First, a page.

Mission Imagination by Texas Instruments - US and Canada
Education Technology

STEM Behind Life in Space

Fuel for the Fire

Ideally suited for middle grades and high school math and science, Fuel for the Fire promotes student engagement in the science, technology, engineering and math (STEM) practices that are critical for success in school and careers.

NASA and Texas Instruments (TI) developed this free TI-Nspire™ activity to give students a first-hand look at the STEM practices that make life in space possible.

Simulations included in the activity help them connect math and science, build reasoning and problem-solving skills, and investigate design processes.

Explore the math and science
of getting things off the ground

Ignite students’ interest in space-age careers with an innovative activity that encourages them to explore:

  • Constant rates of change
  • Linear functions in a scientific context
  • Volumes of cylinders in a scientific context
  • Relating rates with a linear function

Turn your classroom into a room full of rocket scientists

The Fuel for the Fire lesson puts students in the role of propulsion engineers tasked with designing and fueling rocket boosters like the Space Launch System (SLS) Core Stage.

The SLS is the first exploration-class launch vehicle since the Saturn V rocket, which was used from 1967 to 1973 to launch Apollo moon missions and Skylab. Combined with NASA’s Orion spacecraft, SLS is designed to take astronauts out of Earth’s orbit.

“The heart of STEM is problem solving, and problem solving is so important in life, no matter what career path you choose.”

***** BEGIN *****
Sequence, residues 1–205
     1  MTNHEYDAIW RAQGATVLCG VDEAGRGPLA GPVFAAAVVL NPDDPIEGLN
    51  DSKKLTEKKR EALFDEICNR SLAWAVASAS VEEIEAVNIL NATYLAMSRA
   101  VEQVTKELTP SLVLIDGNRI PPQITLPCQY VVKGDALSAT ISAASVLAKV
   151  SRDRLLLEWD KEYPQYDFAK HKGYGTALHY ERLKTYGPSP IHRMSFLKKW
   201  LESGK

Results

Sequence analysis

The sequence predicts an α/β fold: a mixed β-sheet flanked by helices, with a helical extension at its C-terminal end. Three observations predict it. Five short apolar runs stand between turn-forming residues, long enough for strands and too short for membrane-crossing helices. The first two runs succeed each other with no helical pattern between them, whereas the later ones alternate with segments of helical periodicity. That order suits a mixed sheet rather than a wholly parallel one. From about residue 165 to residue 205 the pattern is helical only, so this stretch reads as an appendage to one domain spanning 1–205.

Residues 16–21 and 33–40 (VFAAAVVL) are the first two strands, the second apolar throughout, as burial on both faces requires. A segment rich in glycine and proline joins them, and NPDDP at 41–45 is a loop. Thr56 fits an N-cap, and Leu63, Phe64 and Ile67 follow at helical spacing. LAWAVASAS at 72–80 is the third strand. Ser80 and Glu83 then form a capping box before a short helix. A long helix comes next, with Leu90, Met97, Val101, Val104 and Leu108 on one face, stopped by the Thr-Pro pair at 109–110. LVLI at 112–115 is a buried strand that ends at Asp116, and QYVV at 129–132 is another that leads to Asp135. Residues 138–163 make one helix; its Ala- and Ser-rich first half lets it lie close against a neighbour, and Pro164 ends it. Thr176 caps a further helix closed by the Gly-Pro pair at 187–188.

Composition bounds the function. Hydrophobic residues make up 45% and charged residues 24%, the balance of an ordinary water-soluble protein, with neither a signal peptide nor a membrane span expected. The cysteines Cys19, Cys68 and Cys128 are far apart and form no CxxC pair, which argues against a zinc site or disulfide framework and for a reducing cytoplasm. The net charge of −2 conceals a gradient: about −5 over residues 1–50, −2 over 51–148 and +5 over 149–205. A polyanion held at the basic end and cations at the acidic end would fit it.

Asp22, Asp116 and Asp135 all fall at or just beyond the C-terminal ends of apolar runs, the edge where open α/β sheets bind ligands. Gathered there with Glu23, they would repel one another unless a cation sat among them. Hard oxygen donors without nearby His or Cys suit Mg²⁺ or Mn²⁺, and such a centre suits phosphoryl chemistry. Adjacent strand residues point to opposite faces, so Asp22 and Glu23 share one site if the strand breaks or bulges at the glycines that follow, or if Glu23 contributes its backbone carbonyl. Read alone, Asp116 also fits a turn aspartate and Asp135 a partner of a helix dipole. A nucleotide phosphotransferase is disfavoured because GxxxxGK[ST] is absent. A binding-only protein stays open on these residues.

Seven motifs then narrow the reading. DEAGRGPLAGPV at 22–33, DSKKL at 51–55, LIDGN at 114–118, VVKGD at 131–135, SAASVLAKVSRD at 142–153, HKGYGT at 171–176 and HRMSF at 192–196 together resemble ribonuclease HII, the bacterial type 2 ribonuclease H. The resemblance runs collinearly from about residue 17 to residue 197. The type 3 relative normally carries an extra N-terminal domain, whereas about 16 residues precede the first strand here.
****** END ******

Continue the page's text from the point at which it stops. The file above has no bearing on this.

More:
Jonathan Looser
NASA Propulsion Lead
Space Launch System Core Stage
Marshall Space Flight Center
Lander

The activity delivers immediate feedback to students, enabling them to self-assess and correct misconceptions. It also includes objective and subjective questions teachers can use to gauge student understanding during the lesson.

In addition to the math and science simulations, Fuel for the Fire includes a game that challenges students to land a spacecraft on the moon.

STEM education opens career paths that are almost limitless. -- Jonathan Looser, NASA Propulsion Lead

Jonathan Looser grew up in Huntsville, Alabama, home of NASA's Marshall Space Flight Center. It wasn't until a college pre-engineering class that he became interested in a career aimed at the stars.

Looser, who worked with TI to develop Fuel for the Fire, says a STEM education opens doors to “almost limitless” 21st-century career opportunities.

“You can start as an entry-level engineer, scientist, business analyst or technician,” he says, and go on to become “the senior expert in your particular area, a chief engineer for a major program, a program or project manager, chief safety officer, department manager or even a NASA executive.”

Looser worked in Marshall Space Flight Center’s cooperative education group supporting the space shuttle program while studying engineering at the University of Alabama in Huntsville.

Now, as the lead propulsion engineer for the Space Launch System (SLS) Core Stage, he oversees the design, development, testing, integration and operation of the largest rocket stage ever built.